It’s being widely reported that Rav Ovadia Yosef delivered a sermon in which he called for Palestinian President Abbas to “perish from this world.”
This provocative statement, not HaRav Ovadia’s first, has yielded questions about whether Jews condemn extremist statements by Jews as vigorously as we call upon Arabs to do, to which the ADL, at least, has answered “yes.”
But perhaps most remarkable in this episode is that Rav Ovadia’s statement yielded a rebuke from the U.S. State Department.
“We regret and condemn the inflammatory statements by Rabbi Ovadia Yosef. We note the Israeli statement that the rabbi’s comments do not reflect the views of the prime minister,” State Department spokesman P.J. Crowley said in a statement Sunday.
While Rav Ovadia is the “spiritual leader” of the Shas political party which is a member of Prime Minister Netanyahu’s coalition, and holds sway over many Israelis far beyond the boundaries of Shas, Rav Ovadia is not an elected official or a member of the Israeli government in any way. Moreover, as acknowledged by the State Dept. spokesman, Prime Minister Netanyahu issued a statement making it quite clear that Rav Ovadia’s statement was rejected by him and his government.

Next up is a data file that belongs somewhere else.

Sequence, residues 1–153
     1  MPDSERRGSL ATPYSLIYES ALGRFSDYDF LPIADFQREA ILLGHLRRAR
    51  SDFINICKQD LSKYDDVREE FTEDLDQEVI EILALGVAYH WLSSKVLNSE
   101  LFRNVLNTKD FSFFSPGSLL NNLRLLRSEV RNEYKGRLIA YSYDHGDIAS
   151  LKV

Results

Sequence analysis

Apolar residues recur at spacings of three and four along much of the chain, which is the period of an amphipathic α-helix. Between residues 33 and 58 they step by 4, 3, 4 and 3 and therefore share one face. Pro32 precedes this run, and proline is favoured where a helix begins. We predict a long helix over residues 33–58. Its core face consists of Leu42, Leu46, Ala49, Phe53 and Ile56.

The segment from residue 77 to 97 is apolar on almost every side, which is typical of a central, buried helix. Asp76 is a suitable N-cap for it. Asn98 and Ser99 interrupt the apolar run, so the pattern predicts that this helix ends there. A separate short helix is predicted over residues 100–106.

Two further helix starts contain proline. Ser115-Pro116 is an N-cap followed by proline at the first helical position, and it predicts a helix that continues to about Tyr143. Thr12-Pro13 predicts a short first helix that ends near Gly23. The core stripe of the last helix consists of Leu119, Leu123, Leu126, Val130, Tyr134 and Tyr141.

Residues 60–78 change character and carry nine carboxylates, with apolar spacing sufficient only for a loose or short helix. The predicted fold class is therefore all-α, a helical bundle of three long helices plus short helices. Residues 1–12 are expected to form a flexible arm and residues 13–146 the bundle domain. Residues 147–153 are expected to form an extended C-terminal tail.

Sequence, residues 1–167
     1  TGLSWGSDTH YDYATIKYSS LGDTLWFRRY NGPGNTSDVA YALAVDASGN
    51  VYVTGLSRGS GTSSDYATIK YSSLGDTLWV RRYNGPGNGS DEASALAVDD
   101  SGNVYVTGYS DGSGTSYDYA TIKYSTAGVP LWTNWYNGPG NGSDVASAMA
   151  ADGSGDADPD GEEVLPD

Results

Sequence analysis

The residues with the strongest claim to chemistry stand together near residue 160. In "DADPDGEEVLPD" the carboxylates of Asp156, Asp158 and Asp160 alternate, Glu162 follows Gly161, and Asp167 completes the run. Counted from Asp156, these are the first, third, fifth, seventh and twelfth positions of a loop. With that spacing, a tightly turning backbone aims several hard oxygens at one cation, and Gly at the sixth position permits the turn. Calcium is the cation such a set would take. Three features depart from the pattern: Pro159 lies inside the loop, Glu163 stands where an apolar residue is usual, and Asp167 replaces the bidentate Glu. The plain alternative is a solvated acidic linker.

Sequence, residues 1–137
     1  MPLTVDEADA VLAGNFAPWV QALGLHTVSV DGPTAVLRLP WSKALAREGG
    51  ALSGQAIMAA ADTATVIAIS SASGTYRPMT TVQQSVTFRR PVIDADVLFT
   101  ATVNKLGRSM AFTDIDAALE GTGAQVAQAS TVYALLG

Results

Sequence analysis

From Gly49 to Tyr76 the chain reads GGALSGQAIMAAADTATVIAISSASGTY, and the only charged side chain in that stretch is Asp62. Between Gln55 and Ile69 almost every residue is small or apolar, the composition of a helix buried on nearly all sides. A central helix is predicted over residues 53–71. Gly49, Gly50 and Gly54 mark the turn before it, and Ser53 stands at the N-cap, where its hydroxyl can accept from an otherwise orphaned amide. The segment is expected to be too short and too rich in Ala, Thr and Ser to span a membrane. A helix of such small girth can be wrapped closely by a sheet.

Why is the United States government getting into the business of condemning the sermon remarks of a (admittedly leading) rabbi?
When was the last time the State Department spokesman publicly rebuked a sermon delivered by an Imam in the Palestinian areas that contained words of hate and incitement against Jews?
(And by the way, now that Rav Ovadia has reportedly expressed a willingness to support an extension on the settlement freeze if PM Netanyahu wants to extend it, over the objection of other coalition partners, will the State Department now issue words of praise for Rav Ovadia?)
Religion, and religious leaders play a critical role in the world and the State Dept. will do well to better understand the role of religion and how religious leaders can help resolve global conflicts. But Foggy Bottom should stay out of the business of publicly opining on clergy statements – whether they like them or not.
POSTED BY NATHAN DIAMENT